The first of Fred. Olsen Cruise Lines’ two new ships, Borealis, arrived in Rosyth, Scotland on 4 September 2020, joining the rest of the fleet.

The ship arrived at Babcock’s Rosyth Facilities after sailing beneath the iconic Forth and Queensferry bridges. The second of the new ships, Bolette, is due to arrive in mid-September.

Peter Deer, Managing Director at Fred. Olsen Cruise Lines, said: “It is great to see the first of our two new ships, Borealis, alongside next to the rest of our fleet.

“We can now begin our rebranding work to add those trademark Fred. Olsen touches to the interior and exterior of the vessel, including our famous red funnels.

“This is an important milestone for us and marks the start of a new future for our company.”

Having passed under the Forth Bridges at low tide due to air draft, she waited in the river for high tide to pass into Babcock Rosyth to join the Fred. Olsen fleet, which has been there since the end of May.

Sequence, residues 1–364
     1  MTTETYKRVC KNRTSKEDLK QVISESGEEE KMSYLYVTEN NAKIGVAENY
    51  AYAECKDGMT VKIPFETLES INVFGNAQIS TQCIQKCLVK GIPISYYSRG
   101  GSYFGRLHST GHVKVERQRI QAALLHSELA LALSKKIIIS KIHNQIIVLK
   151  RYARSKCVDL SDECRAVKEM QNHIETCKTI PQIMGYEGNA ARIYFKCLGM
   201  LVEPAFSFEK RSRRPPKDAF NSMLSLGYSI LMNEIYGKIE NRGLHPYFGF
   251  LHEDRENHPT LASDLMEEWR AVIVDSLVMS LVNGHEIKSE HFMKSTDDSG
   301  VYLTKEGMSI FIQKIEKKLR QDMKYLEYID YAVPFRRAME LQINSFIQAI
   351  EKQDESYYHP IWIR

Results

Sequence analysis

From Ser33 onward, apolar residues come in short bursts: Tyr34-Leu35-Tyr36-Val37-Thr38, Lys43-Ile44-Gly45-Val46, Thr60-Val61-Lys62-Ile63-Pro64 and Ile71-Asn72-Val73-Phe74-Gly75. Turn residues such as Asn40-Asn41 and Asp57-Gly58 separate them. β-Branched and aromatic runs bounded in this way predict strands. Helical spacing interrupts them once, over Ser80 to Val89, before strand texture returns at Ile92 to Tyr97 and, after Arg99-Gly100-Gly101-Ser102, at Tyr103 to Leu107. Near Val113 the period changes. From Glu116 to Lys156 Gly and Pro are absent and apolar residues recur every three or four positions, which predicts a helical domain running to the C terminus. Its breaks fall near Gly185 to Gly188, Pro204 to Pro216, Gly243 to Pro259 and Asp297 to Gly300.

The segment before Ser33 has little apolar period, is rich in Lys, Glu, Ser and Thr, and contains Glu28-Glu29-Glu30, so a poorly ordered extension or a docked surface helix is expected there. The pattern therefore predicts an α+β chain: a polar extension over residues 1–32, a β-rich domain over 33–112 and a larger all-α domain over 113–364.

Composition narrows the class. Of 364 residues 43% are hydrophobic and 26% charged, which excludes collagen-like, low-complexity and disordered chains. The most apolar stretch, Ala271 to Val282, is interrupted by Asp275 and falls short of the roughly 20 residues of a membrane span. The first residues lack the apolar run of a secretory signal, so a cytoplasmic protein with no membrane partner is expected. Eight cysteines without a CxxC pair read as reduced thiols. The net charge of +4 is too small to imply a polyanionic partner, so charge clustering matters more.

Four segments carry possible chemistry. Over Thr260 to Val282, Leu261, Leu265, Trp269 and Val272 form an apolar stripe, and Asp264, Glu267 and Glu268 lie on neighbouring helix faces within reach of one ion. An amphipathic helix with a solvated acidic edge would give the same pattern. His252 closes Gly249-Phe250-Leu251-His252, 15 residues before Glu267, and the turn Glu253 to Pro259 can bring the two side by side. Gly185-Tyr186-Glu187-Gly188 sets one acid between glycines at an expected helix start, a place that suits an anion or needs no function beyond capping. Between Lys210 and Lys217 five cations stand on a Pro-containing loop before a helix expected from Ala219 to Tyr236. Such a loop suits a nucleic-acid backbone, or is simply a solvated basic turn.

The Halve Maen logo as seen on the funnel came in use between 1936/1938 for publicity and baggage use.  For the logo they used ten Broek’s stylish Nieuw Amsterdam and replaced the sailing ship with the Henry Hudson ship Halve Maen.

The logo was dropped after 1973 for a new symbol, but around 1986 HAL revived the old logo and started using it on the ships’ funnels. In 2016 Holland America Line decided to update its image with a new brand campaign that introduced a refreshed logo with out the Halve Maen.  MS Rotterdam is the only ship in the fleet to still carry the old logo.

Halve Maen was a Dutch East India Company vlieboot (similar to a carrack) that sailed into what is now New York Harbor in September 1609, captained by the English captain Henry Hudson who  explored the East Coast of North America.

By courtesy of Iain McGeachy